Advice for Consumers

What should consumers consider when evaluating cause marketing promotions? Mission match. Company transparency. Charity legitimacy. Impact.

Mission Match

The most basic question to ask yourself when considering a cause-related purchase (e.g., Should I buy the fuzzy slippers or the ribbon-bedazzled eggs?) is to consider whether the company has any business at all being involved in the cause. In other words, do the missions of the company and the cause align? A company that produces environmentally-friendly products might mesh well with a community group focused on managing climate change, but why would the National Football League promote a cause marketing promotion focused on breast cancer rather than concussions or other sports injuries?

Company Transparency

Assuming the company/charity missions align, consumers should be able to get basic information about the company’s campaign:

What is the donation amount (e.g., 50 cents per t-shirt)? Vague terms like “profits” or “proceeds” are meaningless.

Does the donation require action beyond the initial purchase (e.g., log into a website, take a survey, mail a receipt, redeem a coupon, purchase another product)? Companies should not set up roadblocks to the donation.

What is the cap on how much money the company will donate (e.g., $500,000 maximum donation)? Has that cap been reached? Purchases made after the cap is reached results in profit for the company and nothing for the charity.

What are the dates of the promotion (e.g., April 30 to May 15, 2014)? When a company keeps selling the product after the promotion has ended, there is no donation from the sale of that product.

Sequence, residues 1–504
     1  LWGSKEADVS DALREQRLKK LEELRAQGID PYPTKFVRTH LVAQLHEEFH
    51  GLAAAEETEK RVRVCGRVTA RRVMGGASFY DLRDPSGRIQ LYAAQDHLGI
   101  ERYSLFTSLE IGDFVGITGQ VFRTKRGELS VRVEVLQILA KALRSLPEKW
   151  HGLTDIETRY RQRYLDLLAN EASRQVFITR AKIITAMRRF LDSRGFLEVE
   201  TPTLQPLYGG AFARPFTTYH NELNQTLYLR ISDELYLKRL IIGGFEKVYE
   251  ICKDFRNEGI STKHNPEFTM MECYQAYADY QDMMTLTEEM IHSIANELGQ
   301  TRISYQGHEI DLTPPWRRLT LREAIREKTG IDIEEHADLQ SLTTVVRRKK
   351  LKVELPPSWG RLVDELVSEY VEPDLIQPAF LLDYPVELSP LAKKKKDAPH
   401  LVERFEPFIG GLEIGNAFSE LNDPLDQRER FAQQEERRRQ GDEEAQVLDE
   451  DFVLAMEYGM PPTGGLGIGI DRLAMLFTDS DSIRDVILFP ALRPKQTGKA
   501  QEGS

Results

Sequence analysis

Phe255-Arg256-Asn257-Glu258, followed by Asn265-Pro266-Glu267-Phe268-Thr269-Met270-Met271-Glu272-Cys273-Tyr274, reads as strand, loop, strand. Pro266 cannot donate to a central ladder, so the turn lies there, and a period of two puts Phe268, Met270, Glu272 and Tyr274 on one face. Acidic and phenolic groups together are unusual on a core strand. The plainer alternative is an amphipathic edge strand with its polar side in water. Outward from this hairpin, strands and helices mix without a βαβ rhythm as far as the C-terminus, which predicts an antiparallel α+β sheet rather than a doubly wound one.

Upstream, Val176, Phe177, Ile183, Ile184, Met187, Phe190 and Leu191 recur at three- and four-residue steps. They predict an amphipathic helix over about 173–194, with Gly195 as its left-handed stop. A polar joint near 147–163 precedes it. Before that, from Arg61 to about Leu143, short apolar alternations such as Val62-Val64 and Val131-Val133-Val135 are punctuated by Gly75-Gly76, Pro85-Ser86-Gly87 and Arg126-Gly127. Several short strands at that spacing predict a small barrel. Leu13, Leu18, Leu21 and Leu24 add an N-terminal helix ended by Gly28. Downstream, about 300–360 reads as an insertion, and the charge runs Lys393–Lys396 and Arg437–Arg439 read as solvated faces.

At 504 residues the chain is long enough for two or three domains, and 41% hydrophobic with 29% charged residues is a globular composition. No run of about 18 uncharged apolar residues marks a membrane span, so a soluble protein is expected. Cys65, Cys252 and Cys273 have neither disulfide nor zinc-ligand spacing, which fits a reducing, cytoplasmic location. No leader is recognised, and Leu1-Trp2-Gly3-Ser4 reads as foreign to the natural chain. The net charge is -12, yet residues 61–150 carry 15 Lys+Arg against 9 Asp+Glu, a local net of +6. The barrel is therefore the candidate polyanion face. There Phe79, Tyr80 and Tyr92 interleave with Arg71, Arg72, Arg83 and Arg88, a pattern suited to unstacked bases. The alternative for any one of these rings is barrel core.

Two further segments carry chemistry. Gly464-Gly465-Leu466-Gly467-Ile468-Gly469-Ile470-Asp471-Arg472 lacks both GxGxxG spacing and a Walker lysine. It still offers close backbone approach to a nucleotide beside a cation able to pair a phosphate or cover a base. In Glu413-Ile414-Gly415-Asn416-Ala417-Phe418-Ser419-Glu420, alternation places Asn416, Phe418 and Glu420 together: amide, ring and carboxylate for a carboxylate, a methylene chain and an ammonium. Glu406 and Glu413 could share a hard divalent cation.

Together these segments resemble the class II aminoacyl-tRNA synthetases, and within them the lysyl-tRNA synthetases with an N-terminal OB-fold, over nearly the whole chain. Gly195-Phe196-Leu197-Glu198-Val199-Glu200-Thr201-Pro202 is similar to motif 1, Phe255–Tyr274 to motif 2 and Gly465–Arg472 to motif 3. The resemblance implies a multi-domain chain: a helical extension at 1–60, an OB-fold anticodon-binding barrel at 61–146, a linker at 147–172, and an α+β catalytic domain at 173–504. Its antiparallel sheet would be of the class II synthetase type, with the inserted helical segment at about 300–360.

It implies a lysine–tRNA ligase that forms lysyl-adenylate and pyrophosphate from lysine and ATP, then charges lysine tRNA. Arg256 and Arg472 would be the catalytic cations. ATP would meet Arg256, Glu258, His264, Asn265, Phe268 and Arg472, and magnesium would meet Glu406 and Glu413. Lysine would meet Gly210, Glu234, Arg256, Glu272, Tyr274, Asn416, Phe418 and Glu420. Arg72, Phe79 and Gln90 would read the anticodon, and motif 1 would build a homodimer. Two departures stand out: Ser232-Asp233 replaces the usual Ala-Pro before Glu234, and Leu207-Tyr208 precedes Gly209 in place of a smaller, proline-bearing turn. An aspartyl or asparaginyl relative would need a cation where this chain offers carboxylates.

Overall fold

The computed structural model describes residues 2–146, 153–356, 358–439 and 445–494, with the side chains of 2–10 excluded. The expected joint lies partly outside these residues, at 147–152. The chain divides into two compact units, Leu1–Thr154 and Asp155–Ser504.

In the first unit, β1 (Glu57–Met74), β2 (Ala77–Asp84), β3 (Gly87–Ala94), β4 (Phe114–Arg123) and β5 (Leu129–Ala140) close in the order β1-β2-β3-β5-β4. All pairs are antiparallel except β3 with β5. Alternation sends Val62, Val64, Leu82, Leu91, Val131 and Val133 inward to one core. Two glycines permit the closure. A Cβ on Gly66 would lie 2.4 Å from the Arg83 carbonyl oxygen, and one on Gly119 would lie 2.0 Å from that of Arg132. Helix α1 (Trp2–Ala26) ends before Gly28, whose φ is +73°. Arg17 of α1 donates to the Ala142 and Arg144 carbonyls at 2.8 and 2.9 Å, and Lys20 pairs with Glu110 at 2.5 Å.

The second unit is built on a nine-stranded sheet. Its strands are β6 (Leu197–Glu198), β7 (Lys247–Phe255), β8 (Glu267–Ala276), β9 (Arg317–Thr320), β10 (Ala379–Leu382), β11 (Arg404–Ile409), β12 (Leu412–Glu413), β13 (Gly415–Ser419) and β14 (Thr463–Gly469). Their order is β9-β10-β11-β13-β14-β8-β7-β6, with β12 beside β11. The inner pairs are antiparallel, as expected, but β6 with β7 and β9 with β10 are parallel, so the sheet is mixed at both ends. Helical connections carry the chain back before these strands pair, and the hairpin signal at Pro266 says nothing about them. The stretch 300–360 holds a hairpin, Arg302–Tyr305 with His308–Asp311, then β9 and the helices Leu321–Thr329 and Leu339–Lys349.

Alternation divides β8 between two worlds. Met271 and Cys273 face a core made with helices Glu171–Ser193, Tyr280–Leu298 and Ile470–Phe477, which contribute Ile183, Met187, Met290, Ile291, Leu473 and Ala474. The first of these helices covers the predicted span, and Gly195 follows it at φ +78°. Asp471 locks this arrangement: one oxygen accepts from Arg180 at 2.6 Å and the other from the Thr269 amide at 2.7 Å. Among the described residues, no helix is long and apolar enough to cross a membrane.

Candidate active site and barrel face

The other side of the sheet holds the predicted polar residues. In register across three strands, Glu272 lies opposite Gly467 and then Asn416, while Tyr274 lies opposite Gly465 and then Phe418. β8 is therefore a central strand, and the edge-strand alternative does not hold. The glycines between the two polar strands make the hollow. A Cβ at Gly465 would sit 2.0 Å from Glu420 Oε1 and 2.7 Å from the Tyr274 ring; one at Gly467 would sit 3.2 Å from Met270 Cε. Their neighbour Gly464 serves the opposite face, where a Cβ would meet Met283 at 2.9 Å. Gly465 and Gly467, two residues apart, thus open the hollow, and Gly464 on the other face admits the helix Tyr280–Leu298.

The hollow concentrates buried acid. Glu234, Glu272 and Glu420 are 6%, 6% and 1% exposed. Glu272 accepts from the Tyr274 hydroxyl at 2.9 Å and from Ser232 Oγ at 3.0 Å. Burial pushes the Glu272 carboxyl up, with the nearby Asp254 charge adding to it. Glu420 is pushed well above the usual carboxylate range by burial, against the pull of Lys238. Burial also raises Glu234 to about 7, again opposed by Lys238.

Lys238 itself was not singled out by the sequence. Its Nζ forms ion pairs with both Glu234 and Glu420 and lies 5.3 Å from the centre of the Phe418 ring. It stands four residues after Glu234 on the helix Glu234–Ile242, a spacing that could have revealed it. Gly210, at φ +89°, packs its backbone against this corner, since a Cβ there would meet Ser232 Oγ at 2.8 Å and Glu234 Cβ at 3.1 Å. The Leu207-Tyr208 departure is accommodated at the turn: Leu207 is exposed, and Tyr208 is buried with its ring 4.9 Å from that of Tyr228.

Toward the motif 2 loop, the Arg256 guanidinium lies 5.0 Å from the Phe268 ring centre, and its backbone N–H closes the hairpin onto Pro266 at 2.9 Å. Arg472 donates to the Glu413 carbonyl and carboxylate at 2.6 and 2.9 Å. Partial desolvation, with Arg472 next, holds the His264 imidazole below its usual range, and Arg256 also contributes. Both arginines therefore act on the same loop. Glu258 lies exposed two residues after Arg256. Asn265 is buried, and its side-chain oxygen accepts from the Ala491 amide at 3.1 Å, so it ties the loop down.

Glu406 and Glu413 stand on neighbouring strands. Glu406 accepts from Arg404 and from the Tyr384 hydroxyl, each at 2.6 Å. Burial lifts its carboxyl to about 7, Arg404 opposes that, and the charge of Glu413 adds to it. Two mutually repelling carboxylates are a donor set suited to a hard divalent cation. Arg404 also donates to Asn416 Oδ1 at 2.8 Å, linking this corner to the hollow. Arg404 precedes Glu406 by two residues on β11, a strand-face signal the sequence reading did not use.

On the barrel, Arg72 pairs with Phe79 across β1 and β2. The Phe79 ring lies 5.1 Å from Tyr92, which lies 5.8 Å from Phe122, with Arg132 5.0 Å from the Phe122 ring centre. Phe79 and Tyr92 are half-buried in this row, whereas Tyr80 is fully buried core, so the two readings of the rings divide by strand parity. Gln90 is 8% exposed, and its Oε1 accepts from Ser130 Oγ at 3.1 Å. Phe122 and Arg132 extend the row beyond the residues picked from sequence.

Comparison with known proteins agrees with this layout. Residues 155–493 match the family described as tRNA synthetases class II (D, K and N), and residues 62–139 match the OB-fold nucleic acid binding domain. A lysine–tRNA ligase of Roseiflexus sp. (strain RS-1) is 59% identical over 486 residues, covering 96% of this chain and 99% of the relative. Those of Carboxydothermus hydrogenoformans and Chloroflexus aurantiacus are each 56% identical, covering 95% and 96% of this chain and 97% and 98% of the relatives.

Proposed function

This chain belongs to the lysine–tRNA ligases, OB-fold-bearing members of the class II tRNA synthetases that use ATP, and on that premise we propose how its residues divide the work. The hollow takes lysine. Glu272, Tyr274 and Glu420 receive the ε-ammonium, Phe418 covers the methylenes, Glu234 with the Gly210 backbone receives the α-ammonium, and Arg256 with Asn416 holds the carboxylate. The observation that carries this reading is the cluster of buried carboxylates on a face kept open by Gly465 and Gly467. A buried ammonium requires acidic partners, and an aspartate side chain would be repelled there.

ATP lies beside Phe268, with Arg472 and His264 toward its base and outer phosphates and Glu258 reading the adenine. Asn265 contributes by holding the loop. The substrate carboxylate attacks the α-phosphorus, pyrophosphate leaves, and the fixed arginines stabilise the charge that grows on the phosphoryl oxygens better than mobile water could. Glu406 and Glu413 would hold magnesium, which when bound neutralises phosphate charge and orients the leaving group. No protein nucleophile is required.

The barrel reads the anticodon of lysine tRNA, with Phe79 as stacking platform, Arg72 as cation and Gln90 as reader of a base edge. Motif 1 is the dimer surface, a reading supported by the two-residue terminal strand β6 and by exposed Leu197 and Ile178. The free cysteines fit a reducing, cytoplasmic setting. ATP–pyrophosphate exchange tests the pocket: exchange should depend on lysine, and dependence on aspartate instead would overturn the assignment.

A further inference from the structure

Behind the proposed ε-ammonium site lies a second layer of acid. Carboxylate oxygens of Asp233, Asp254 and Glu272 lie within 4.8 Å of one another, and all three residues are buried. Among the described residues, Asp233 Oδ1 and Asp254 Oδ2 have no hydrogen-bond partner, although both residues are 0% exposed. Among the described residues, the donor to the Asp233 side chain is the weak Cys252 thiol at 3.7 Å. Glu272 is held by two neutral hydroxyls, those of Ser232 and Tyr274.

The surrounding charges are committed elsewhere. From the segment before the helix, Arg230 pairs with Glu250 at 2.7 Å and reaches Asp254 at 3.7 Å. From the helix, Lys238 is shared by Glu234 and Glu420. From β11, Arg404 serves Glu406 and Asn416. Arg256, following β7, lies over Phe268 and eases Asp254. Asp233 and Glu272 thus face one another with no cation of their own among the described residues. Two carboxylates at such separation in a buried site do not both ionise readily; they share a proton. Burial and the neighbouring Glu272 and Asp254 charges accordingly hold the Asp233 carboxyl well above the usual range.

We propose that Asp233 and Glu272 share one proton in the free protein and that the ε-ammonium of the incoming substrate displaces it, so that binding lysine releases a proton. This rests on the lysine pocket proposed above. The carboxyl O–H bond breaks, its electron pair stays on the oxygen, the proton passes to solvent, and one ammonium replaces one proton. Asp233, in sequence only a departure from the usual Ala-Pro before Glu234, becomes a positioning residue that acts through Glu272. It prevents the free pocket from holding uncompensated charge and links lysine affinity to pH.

What is the specific name of the charity or charities getting the donation? “Supports cancer research” or “supports the environment” is not specific. If you don’t know where the money goes, don’t make the purchase.

Charity Legitimacy

After answering these basic questions about the company, a savvy consumer will also think about the charity.

Does the charity really exist?

How much has the company donated to the charity? And this should be tracked in real time.

Is the charity reputable, transparent, and accountable?

Are there any conflicts of interest between the charity and the company?

What will the charity do with the money? Will this action impact the “cause” efficiently and effectively?

Go to the Source

Even after assessing mission match, company transparency, and charity legitimacy, consumers would be wise to ask themselves:

“Would it be better for me to give my own tax deductible contributions to the vetted organizations I support, or give a small pass-through donation from a cause-marketing promotion that benefits a company more than the cause?”

At present, the answer is probably YES. There are no federally mandated guidelines for best practices when it comes to cause marketing campaigns, so it’s up to consumers to hold companies and charities accountable.

Related:

Jobs for the Cure: Does Your Donation Go to Cancer Research or Salaries and Overhead? By Ellen Leopold, Truthout.

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